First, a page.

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What is a Startup Disk?

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  • Written By: R. Kayne
  • Edited By: O. Wallace
  • Last Modified Date: 03 November 2016
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A startup disk or boot disk is a miniature operating system (OS) on removable media, such as a CD, memory stick or floppy, that can be used to boot a computer, bypassing the installed operating system when one is present. Though a startup disk is more commonly placed on a disc (CD) rather than a disk (floppy), the original spelling continues to be used as a carry-over from when floppy disks were the only type of boot disks available.

There are many situations in which a startup disk comes in handy, and others in which it essential. The most important use is for recovery from a non-bootable system crash.

If a computer won’t boot due to a problem with the installed operating system, a boot disk created by the operating system can be used to repair a damaged system. It will replace system files with fresh copies, hopefully making it bootable again.

An OS-created boot disk might also be used to reinstall the operating system from a drive image located in a hidden partition at the beginning of the installed drive. Newer systems use this method rather than supplying users with the OS on a disc. The drawback of this method of recovery is that the system is returned to the state it was when first purchased, losing all changes including user-installed programs and data.

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A far better method is to use a startup disk designed to replace the existing image with a current backup image made prior to the problematic date. This eliminates the need to troubleshoot the problem, if that avenue is even available, and will retain all programs and data as of the last backup. Some backup programs like the free Macrium Reflect©, supply the user with a link to a file that can be downloaded and burned to disc to create a custom startup disk with the Macrium Reflect© backup program preinstalled. This disaster recovery disc takes all the worry out of a fatal crash, providing one makes regular backups, preferably to an external drive.

If restoring an image won’t work due to mechanical hard drive failure, a startup or boot disk can be used to format and partition a fresh hard drive. While an OS disc will also do this some people prefer using specific tools from custom made boot disks.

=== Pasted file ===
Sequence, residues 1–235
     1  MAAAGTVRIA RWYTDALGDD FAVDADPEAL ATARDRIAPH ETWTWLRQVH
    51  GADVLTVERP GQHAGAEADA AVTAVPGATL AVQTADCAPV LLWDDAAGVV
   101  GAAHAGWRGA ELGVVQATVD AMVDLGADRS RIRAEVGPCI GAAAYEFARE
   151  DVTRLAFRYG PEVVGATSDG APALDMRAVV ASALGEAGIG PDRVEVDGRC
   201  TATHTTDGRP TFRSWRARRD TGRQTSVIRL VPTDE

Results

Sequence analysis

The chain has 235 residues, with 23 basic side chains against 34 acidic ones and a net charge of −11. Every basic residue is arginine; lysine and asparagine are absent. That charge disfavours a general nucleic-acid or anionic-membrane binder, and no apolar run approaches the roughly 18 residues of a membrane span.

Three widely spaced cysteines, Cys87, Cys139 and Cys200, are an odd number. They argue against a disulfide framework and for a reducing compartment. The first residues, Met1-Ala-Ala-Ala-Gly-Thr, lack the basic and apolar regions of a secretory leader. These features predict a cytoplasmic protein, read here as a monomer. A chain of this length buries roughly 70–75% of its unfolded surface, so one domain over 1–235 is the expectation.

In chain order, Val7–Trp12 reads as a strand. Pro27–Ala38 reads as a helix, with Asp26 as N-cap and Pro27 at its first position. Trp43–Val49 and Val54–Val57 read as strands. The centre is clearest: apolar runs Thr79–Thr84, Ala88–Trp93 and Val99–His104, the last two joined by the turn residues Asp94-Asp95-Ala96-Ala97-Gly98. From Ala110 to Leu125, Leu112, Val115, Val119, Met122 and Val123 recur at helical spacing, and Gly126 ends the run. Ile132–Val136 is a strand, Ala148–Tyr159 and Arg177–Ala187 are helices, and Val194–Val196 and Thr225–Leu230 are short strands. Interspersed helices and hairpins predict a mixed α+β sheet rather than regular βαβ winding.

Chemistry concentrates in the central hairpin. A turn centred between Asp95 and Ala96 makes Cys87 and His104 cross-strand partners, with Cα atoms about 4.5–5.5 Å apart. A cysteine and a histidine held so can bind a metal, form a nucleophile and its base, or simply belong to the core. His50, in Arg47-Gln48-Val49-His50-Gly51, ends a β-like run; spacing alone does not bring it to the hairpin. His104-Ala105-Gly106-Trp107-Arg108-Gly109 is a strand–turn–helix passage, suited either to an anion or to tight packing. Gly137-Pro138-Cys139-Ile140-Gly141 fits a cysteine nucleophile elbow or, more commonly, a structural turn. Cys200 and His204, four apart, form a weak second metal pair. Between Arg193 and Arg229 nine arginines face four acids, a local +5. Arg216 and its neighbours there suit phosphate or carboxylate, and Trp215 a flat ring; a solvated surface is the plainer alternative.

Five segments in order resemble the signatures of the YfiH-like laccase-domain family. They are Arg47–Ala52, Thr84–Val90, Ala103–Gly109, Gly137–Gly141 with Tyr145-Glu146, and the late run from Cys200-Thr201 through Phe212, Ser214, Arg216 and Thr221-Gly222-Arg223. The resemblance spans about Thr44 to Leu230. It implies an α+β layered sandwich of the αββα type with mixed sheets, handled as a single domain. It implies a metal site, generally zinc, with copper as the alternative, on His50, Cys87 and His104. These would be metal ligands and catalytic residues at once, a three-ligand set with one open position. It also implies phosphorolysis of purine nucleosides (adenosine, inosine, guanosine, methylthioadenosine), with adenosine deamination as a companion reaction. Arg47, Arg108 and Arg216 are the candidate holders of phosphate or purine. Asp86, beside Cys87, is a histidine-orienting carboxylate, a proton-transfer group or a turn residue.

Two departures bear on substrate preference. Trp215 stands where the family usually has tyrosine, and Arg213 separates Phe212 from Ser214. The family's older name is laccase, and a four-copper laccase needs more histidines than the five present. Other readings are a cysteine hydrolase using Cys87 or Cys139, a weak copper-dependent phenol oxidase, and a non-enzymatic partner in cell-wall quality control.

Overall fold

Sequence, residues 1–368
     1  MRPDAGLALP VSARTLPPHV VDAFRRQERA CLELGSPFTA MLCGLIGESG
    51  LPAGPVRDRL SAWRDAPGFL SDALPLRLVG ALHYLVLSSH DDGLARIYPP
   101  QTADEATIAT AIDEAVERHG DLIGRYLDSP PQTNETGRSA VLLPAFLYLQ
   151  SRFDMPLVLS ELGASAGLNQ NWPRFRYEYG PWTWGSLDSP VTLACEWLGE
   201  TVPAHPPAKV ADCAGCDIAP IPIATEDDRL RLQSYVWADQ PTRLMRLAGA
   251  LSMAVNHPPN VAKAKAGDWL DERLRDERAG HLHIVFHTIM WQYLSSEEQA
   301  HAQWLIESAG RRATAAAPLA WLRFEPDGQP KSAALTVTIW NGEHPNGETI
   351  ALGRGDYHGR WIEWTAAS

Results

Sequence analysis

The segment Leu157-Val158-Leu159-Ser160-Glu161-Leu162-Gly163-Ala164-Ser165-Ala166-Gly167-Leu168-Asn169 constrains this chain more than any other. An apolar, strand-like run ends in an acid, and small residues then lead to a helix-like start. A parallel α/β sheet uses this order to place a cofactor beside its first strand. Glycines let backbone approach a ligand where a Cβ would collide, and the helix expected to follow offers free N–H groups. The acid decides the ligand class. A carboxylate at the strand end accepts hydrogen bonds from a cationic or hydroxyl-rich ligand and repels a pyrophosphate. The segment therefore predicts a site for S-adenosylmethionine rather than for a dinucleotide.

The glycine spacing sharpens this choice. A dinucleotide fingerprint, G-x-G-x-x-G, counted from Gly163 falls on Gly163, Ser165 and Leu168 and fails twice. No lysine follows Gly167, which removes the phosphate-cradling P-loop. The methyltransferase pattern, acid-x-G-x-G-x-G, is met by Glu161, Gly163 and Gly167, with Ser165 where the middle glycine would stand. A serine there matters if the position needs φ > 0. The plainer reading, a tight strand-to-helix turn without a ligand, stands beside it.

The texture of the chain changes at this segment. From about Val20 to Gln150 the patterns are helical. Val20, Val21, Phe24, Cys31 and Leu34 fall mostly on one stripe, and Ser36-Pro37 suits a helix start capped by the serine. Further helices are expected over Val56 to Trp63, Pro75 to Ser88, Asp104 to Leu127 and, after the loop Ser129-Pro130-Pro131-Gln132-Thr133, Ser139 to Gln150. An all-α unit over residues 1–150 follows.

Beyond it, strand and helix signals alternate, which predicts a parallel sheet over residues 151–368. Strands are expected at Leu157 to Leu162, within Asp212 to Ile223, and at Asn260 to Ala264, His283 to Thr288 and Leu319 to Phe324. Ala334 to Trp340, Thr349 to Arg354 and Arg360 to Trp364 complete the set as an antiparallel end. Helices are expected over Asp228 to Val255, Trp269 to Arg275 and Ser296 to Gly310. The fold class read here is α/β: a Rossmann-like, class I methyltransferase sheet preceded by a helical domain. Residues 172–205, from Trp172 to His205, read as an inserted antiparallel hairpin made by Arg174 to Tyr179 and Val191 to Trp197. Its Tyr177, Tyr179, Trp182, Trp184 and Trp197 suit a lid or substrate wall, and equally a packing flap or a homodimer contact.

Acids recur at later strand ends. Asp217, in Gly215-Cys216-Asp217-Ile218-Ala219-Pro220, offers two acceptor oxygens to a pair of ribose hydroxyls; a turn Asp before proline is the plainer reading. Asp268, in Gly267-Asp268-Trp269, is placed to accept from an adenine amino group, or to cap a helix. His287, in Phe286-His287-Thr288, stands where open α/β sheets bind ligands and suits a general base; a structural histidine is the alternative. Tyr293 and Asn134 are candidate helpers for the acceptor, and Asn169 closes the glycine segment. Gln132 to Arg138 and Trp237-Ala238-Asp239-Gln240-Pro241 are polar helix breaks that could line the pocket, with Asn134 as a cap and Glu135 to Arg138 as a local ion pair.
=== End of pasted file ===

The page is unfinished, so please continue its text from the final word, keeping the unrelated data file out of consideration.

Occasionally, it’s a good idea to run maintenance tools from outside the operating system, which can be done using a startup disk with the appropriate programs. Running a "check disk" routine will comb the hard drive looking for errors in file structure and formatting, optionally fixing problems along the way. This can prevent data loss and improve disk performance. Check disk can also be scheduled from within Windows® systems to run at the next boot, before the OS starts.

Anti-virus and anti-spyware scans are also better run from a startup disc, as files become locked and unavailable to the scanner when the OS is in use. Stealthy malware might also be able to hide inside OS processes when the boot drive is mounted and active. Using a boot disk, the entire drive is available for scanning.

There are several ways to create a startup disk. In the old days, certain DOS® files were copied to a floppy, but today, portable editions of OSs can run on a CD or memory stick, using only portable storage and RAM. This makes it very convenient as the boot disk can run in a familiar point-and-click environment.

For intrepid geeks, BartPE© Builder is a free, portable Windows® environment that can be customized with various tools and programs, and it includes network support. This allows one to troubleshoot a problem by accessing the Internet from the startup disk. Various tutors are available on YouTube® for the creation of a customized BartPE© boot disk. Linux® boot disks are also available, as are tools inside particular backup programs, like the previously mentioned Macrium Reflect©.

Operating systems also have tools for users to create a startup disk. These discs repair damage by replacing system files, or they might offer to return your system to the state it was when new; a last resort for most people. To learn more about how you can create a startup disk in your OS, consult the Help menu.

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